It's been almost a month since Kobe Bryant died, almost two months since NBA Commissioner Emeritus David Stern preceded him. If one measure of a man is how much he's missed, well, the Windy City wake honoring both was raucous enough to shake the heavens.
The NBA All-Star weekend is supposed to be a celebration of the game, and there was plenty of that. Both Bryant and Stern had a vision worth celebrating; they looked at a basketball and saw a pebbled globe covered in possibility. It was on full display on the United Center's Chicago-themed skyline floor Sunday night.
The former commissioner started the ball rolling internationally, most prominently when he sent the Dream Team to the 1992 Barcelona Olympics. And all those kids who were too young to Be Like Mike when they finally stepped onto playgrounds stretching from Australia to Brazil — and points in-between — were lucky to inherit a role model like Kobe,
The investments both men made in the wider world has been steadily paying dividends. At the start of the season, there were 108 foreign-born players in the league, fully a quarter of the NBA. There were eight from seven different nations outside the United States in the varsity game, including second-generation star Damantas Sabonis, whose father, Arvydas, played for both the old Soviet Union's best teams and the Portland Trailblazers.
Bryant, in fact, seemed to be around every corner you turned this weekend. There was graffiti scrawled on walls around town, chants of “Kobe! Kobe!” breaking out in bars where some of the weekend's festivities flashed across TV screens, and during pre-game introductions, practices and the games themselves inside packed arenas.
In a fitting finish, the trophy handed to Kawhi Leonard as the star of the big game is now officially named the Kobe Bryant Most Valuable Player award. But maybe more fitting still was how hard everybody on the floor played the final quarter of what was an exhibition game.
Kobe would have loved that. He circulated so widely in league circles and did so many things so well — Bryant was already well into a second-career as a filmmaker, with an Oscar to his credit, when he was killed in a helicopter crash — that even after three weeks of questions, few players had trouble coming up with an original answer to what most impressed them about the man.
“I know everybody says the ‘Mamba mentality,’ but I was luckier than most," third-year Jazz star and first-time All-Star Donovan Mitchell said. “I got a chance to see it up close.”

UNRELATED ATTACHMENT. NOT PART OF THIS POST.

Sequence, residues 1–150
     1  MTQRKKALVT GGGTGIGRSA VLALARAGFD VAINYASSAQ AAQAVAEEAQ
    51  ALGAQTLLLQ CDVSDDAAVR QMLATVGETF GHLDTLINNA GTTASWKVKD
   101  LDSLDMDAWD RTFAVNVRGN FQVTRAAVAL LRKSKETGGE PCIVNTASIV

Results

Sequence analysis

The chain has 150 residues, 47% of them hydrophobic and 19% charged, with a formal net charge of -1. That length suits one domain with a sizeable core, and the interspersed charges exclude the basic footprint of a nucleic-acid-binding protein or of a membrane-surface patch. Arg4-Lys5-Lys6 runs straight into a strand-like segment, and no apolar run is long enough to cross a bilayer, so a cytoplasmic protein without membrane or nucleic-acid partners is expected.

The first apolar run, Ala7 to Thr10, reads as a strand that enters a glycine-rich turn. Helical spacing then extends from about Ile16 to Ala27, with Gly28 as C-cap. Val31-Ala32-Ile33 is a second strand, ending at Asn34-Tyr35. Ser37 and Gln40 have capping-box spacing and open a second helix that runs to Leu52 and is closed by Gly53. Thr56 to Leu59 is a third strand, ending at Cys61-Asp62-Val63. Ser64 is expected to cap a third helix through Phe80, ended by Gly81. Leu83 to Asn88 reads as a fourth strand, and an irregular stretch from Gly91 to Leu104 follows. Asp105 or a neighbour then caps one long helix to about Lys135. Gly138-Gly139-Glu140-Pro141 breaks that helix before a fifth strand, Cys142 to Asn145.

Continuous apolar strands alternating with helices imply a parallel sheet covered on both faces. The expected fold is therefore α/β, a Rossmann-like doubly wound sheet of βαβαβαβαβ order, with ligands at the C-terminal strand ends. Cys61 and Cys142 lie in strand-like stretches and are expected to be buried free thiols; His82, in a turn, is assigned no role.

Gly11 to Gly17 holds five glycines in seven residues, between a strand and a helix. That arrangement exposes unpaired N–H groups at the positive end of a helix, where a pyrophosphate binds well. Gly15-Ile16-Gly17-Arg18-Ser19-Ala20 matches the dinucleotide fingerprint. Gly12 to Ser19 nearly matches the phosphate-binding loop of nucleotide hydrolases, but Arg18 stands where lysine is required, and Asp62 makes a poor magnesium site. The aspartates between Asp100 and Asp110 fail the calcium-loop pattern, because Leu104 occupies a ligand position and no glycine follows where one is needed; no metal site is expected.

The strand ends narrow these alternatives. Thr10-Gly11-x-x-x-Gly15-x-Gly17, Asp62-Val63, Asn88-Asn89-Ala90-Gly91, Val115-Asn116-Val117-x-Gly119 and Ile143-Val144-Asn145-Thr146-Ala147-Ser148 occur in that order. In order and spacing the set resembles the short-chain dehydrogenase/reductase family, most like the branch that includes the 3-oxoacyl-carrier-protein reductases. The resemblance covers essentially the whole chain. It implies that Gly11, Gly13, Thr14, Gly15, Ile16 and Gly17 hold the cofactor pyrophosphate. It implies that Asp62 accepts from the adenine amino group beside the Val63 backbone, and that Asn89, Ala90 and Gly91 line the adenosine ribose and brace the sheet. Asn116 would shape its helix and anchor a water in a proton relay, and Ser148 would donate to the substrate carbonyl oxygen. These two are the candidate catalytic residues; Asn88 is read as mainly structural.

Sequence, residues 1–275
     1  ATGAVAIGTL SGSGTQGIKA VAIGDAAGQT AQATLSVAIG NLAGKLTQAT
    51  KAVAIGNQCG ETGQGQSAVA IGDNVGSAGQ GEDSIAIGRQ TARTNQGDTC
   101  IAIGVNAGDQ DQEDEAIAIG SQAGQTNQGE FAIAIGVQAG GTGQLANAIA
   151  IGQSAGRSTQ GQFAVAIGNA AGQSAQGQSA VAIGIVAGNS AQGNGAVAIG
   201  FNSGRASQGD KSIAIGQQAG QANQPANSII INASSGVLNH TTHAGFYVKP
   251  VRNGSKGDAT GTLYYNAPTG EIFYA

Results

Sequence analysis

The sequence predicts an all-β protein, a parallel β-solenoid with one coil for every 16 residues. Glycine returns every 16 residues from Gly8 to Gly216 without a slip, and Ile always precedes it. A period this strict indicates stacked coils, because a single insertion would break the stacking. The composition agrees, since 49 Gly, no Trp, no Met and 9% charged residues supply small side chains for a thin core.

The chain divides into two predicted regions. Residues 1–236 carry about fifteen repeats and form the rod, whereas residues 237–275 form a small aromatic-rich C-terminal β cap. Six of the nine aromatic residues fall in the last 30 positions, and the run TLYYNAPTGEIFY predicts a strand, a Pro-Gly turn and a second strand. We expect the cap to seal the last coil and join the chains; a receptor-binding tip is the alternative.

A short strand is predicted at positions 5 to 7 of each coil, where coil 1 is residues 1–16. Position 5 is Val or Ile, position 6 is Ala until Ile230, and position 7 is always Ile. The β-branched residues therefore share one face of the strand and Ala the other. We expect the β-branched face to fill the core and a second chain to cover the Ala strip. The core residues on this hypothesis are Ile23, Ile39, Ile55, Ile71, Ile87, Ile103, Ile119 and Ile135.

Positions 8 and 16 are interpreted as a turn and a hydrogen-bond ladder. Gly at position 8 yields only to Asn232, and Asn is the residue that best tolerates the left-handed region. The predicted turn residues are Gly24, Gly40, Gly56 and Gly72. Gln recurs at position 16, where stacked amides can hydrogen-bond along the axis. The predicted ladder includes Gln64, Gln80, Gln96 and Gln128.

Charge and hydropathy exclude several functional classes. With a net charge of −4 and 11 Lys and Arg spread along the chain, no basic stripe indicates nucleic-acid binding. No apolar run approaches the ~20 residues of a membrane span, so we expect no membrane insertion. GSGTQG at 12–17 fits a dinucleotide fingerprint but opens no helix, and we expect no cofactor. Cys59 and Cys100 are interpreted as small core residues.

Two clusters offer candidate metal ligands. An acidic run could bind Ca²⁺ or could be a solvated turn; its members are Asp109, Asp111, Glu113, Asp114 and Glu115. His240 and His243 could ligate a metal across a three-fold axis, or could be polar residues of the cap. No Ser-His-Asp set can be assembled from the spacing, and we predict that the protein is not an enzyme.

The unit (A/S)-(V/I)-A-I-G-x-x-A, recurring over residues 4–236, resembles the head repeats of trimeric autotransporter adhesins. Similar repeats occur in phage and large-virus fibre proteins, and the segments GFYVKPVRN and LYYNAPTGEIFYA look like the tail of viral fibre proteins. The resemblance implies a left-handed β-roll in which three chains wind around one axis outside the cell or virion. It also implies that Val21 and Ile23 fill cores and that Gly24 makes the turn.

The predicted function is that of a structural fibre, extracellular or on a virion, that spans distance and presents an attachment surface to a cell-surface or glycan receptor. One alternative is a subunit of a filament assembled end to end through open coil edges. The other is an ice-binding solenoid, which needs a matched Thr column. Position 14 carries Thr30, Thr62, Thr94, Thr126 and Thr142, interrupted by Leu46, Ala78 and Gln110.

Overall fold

Mitchell was still playing college ball at Louisville when he lucked into watching a gathering of NBA players practicing at a nearby arena a few years ago.
“Practice ended and somebody yelled at (Allen) Iverson, ‘A.I., where you going?’ So A.I. said, ‘the club, naturally.” Then Kobe wandered over and somebody asked him. He nodded back at the court they just left and says, ’Going to work out,'" Mitchell recalled. “I never forgot that.”
To be sure, the league has plenty of work to do to keep its impressive growth spurt of the last few years going. As current Commissioner Adam Silver learned last fall, when a tweet by Houston general manager Daryl Morey supporting protesters in Hong Kong enraged China's government, one problem with building an empire is that sooner or later, you run into someone else's.
Silveracknowledged a day earlier that relations with the Chinese rulers were still tense, despite the high stakes and a relationship the NBA had cultivated with Asia's rising power — where it's games were broadcast to hundreds of millions of fans — stretching back to the 1970s.
“I think that the magnitude of the loss will be in the hundreds of millions of dollars. Certainly probably less than $400 million," Silver said calmly, “maybe even less than that.”
With annual revenue believed to be approaching $10 billion, the good news is that the product isn't the problem. If you accept the narrative that that bi-coastal duel between Magic Johnson and Larry Bird birthed the modern NBA, and Michael Jordan almost single-handedly made it must-see TV, the defining characteristic of this latest generation is its depth and the ease with which it connects with fans.
Akron, Ohio-born LeBron James remains, at 35, the baddest man in the game. But who could have foreseen that the whiz kid who's closing the gap fastest at the moment would be Luka Doncic, the Dallas guard born a scant 20 years ago born in Ljubljana, Slovenia? Or that the best new coach in the game would be a 50-something named Nick Nurse, who grew up in Iowa but spent the first two decades of his apprenticeship drawing up unconventional schemes while bouncing around Europe.
Chances are good that Stern had something like that in the back of his mind, and Kobe definitely had a hand in shaping all of them.
After his team walked off winners, James was asked whether the players discussed playing the fourth quarter so fiercely to pay tribute to Bryant.
“No, there was no discussion because we're all competitors. We wouldn't be All-Stars if we weren't competitors. We all compete at the highest level, try to put our respective teams in position to win every night,” he said.
But a moment later, he conceded it was impossible not to think about Bryant, what with the visuals and chants of “Kobe” pushing the players to match his "Mamba mentality."
“So,” James said, “he was definitely here.”
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